The later Alistair Cooke and Churchill quotes are borderline at best.

SelectSplat (talk) 23:22, 2 November 2010 (UTC)

Fortunately, we do not need to decide that, since we depend on reliable sources. FWIW, I "get" the surprise in the two quotes. --Nuujinn (talk) 00:00, 3 November 2010 (UTC)
Those quotes citing the Journal of Medical Speech are all dubious- the journal article (looks like it came from a column rather than a paper) is itself only citing from the Figaro blog, which cites no primary sources to back up the quotes. The Wodehouse one is from here[1]. (talk) 12:20, 18 April 2011 (UTC)
SelectSplat is correct, many of the examples are not true examples, and the reliable sources are wrong. It's more than simply a one-liner, with two parts that are witty in combination. By that definition, virtually all one-liners would be paraprosdokians. You need a setup, followed by a knockdown, and the setup causes the listener to anticipate something different from what the knockdown delivers. Hence the surprise factor which makes it a paraprosdokian. Take the following two examples. In the second example, the first part leaves no anticipation and therefore no surprise.
"On the other hand, you have different fingers."
"I don't belong to an organized political party. I'm a Democrat."
And Nuujinn is correct, none of this matters here, since Wikipedia is about citing reliable sources, not about truth. Strictly speaking, on a Talk page we're not even supposed to talk about whether a reliable source is correct or false. Mandruss (talk) 03:30, 10 May 2014 (UTC)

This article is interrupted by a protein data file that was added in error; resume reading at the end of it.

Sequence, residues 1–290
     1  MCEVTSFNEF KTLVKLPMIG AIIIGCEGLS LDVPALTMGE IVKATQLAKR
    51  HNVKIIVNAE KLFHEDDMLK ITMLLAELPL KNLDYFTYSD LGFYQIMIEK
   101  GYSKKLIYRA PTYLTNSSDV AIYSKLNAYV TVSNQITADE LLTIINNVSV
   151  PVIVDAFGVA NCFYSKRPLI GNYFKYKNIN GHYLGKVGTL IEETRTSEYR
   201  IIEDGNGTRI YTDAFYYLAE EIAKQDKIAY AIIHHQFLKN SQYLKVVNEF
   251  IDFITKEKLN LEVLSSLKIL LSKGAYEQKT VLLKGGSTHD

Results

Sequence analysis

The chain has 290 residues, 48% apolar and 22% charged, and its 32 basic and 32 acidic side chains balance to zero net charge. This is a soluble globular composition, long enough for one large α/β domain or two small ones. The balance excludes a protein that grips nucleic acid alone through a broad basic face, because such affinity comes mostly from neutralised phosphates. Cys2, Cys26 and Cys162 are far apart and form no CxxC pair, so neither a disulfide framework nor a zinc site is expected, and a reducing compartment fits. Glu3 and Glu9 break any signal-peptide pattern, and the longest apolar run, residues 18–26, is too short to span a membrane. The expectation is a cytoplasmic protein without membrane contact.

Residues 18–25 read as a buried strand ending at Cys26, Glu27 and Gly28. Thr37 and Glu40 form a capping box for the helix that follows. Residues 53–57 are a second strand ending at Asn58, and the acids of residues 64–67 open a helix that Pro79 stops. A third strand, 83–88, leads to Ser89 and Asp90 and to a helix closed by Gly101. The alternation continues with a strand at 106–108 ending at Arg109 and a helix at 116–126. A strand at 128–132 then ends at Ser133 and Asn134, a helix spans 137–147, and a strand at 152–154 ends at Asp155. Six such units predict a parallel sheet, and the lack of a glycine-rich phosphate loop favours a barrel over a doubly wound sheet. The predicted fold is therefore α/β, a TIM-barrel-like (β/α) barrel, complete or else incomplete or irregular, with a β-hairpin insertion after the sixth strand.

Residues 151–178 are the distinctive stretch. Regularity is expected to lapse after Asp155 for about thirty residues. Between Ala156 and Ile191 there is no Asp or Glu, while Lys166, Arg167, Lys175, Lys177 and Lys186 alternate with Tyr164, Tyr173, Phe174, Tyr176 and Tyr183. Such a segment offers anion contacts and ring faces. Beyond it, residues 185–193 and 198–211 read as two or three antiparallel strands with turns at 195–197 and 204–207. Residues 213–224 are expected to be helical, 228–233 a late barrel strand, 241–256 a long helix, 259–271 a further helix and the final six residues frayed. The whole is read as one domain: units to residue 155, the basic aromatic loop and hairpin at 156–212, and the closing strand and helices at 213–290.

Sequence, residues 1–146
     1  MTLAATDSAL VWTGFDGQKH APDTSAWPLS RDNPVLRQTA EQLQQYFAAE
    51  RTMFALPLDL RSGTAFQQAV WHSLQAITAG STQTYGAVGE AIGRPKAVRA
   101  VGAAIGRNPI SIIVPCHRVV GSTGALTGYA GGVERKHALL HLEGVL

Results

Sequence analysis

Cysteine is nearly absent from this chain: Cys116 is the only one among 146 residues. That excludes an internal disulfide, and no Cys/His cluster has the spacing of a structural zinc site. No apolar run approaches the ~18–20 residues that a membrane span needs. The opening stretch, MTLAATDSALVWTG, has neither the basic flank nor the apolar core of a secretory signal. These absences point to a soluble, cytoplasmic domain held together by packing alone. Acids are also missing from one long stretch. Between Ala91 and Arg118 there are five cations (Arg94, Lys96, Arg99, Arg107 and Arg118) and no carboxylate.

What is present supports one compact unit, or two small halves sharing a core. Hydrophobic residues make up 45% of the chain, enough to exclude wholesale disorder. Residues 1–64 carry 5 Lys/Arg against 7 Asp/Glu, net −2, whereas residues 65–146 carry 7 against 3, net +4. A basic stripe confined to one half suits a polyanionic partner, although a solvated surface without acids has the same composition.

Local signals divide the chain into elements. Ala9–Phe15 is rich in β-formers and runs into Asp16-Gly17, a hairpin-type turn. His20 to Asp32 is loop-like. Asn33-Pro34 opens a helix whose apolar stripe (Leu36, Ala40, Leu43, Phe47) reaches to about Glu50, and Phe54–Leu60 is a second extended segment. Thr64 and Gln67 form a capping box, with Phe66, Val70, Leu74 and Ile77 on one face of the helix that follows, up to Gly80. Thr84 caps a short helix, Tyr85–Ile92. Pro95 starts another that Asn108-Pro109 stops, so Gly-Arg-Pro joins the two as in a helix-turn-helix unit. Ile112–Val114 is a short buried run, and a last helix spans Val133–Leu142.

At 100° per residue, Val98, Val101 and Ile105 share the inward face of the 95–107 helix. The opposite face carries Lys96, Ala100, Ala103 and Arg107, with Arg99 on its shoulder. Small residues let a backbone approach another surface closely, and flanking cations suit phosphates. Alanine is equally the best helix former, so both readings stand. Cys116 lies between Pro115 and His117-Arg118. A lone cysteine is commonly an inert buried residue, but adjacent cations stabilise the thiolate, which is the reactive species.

Mind rhymes?[edit]

Does this have a relation to mind rhymes? — (talk) 15:18, 13 February 2011 (UTC)

My recent revert[edit]

I don't think that Bill Casselman, an author of numerous books about words (mostly Canadian words, though :-) is an entirely non-reliable source. Loggerjack (talk) 02:28, 14 April 2011 (UTC)

Country music[edit]

Country music is full of these witty twists. I wanted to add two examples, but was stymied by the article's requirement that some reliable source has to say they are paraprosdokia - even though it is obvious they are. Can they be added? Here are my examples. --MelanieN (talk) 20:22, 22 July 2012 (UTC)

"Low places" isn't much of an example; it probably falls more under another figure of speech than under this one... AnonMoos (talk) 06:09, 23 July 2012 (UTC)


  1. ^ "Friends in Low Places". Garth Brooks lyrics. Retrieved 22 July 2012. 
  2. ^ "Is It Cold In Here". Retrieved 22 July 2012. 


Paraprosdokian is the accusative of paraprosdokia in Greek. Should the article be moved in light of this? Even if it doesn't come up very often in English, article names should be in the nominative case. Would anyone object to a move? -Anagogist (talk) 19:45, 21 November 2012 (UTC)

Another example[edit]

"Nobody goes there anymore, it's too crowded" - Yogi Berra — Preceding unsigned comment added by (talk) 21:39, 4 October 2013 (UTC)